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My onboard Realtek RTL8168B/8111B Family Gigabit Ethernet is losing packets (about 8% when pinging any other device on the LAN).

There are no events in the Windows event logs relating to TCPIP/ICMP or frame errors. i used the Windows Performance Monitor tool to watch the events under "Network Interface" category, hoping to see some symptom of the packet loss. i could not find any

Can anyone think of any way to "see" the packet loss as a diagnostic condition, rather than doing pings and watching responses not come back? If i can find anyplace in Windows where the packet loss comes back to something else (crc error, checksum error, fragmentation problem, etc) maybe i can diagnose it.

It's a new machine, and i assume the problem is with some of the configuration options in the driver:

  • Speed & Duplex: Auto Negotiation
  • Flow Control: Disabled
  • Receive Buffers: 512
  • Transmit Buffers: 128

  • Interrupt Moderation: Enabled

  • Receive Side Scaling: Enabled
  • Priority & VLAN Enabled: Priority & VLAN Enabled

  • Auto Disable Gigabit (PowerSaving): Disabled

  • Auto Disable PCIe (PowerSaving): Disabled
  • Auto Disable PHY (PowerSaving): Disabled
  • Green Ethernet: Disabled

  • Shutdown Wake-On-Lan: Enabled

  • Sleep WOL Power Saving: Disabled

  • IPv4 Checksum Offload: Rx & Tx Enabled

  • TCP Checksum Offload (IPv): Rx & Tx Enabled
  • TCP Checksum Offload (IPv6): Rx & Tx Enabled
  • UDP Checksum Offload (IPv): Rx & Tx Enabled
  • UDP Checksum Offload (IPv6): Rx & Tx Enabled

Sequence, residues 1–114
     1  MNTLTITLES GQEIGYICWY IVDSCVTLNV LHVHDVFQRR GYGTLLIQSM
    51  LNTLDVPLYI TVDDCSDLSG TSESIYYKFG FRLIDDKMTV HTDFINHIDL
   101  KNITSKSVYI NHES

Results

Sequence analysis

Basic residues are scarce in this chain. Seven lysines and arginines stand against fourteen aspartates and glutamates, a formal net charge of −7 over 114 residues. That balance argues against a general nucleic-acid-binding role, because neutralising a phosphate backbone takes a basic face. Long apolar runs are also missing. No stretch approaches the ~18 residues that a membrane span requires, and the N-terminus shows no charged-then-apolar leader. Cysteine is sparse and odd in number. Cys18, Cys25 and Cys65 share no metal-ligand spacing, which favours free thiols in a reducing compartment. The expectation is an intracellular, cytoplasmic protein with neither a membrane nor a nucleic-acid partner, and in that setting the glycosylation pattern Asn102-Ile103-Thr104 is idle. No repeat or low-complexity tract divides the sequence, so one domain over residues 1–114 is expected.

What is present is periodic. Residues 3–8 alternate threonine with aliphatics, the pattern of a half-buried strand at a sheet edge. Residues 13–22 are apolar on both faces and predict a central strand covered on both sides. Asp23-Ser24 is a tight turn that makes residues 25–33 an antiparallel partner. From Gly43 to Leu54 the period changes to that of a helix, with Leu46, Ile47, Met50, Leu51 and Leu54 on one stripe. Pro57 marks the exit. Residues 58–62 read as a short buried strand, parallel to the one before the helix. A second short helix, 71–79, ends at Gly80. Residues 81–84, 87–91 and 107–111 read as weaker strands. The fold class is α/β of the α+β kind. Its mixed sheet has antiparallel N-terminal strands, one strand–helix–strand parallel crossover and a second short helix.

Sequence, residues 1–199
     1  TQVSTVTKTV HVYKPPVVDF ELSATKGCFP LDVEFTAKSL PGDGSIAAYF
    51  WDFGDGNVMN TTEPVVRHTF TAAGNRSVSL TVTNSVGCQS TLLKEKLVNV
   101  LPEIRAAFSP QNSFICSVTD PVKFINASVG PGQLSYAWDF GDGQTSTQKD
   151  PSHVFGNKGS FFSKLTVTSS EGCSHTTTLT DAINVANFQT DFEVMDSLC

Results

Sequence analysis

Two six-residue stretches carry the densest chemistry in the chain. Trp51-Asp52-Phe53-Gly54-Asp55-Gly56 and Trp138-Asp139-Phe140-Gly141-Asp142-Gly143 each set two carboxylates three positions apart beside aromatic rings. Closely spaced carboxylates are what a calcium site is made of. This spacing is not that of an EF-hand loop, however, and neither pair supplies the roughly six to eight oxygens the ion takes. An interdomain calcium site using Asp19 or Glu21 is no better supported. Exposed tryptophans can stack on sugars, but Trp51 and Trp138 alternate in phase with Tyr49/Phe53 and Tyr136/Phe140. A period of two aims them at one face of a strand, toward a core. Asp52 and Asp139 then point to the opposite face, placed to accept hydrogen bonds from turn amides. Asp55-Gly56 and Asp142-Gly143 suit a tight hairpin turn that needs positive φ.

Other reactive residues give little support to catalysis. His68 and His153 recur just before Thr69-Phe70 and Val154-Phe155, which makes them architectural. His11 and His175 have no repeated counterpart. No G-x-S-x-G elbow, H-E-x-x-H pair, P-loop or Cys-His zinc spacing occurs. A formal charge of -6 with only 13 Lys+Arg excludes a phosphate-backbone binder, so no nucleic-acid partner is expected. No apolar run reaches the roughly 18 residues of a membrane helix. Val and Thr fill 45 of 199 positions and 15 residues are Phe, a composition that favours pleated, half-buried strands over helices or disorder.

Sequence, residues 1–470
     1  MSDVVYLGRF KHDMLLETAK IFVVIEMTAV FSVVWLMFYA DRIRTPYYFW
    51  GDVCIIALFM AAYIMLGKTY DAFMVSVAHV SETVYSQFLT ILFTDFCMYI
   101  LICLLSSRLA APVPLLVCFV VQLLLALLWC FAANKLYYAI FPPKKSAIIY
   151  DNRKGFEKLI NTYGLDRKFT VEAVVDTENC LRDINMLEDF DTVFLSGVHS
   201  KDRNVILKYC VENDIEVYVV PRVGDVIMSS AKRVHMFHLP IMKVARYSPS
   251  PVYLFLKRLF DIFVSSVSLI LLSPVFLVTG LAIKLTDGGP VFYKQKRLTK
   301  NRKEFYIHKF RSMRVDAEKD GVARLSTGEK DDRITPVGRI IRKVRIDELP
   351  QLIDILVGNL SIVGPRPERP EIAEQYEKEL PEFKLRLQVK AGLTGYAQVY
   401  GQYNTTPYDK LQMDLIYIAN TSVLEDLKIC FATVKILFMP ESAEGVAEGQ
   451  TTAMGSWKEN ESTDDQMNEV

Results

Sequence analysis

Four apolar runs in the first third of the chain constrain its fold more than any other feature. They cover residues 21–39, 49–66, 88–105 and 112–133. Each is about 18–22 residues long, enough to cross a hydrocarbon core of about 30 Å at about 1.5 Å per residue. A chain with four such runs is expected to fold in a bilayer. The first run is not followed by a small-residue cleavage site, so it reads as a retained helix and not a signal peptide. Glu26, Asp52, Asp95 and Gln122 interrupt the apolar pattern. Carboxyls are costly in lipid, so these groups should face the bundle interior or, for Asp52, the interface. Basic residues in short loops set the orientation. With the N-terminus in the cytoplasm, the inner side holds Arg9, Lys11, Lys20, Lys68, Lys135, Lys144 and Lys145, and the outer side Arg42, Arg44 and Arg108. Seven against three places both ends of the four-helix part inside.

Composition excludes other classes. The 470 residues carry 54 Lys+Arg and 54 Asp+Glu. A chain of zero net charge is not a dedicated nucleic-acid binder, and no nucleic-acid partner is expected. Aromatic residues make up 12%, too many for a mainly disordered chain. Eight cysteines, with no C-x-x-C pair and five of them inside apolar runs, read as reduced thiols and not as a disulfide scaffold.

• Jumbo Frame: Disabled
  • Large Send Offload (IPv4): Enabled
  • Large Send Offload v2 (IPv4): Disabled
  • Large Send Offload v2 (IPv6): Enabled

i tried forcing Speed & Duplex to 100 Mbps Full Duplex (which is what it is anyway) without success.

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3 Answers 3

Use Wireshark to see what packages are lost/malformed. Unfortunately, it is an issue depending on drivers as well.

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At first i thought that sounded like a good idea. But the more i thought about it the more i realized it would just help confirm that i'm randomly losing packets. –  Ian Boyd Nov 3 '09 at 15:35

Have you tried a ping from some other machine to this interface?
Do you get any ICMP errors?

It would also be useful checking the interface statistics of the peer-device to which the interface is wired.

  1. what is the network device you connect to?
  2. Does it have any interface statistics?
  3. Do they show any specific errors that other interfaces of that device do not show?

Finally, it could also be a loose wire on the path.
If you have more than two machines on your network,
is this particular machine connected in some different way? (Wireless hop?)
Have you checked that the connectors are firmly wired?

If you see loss with just regular ping packets (64 byte), IP Fragmentation is ruled out.
If your interfaces show no error counts, CRC errors are also ruled out.

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enable the FLOW CONTROl setting. try it out.

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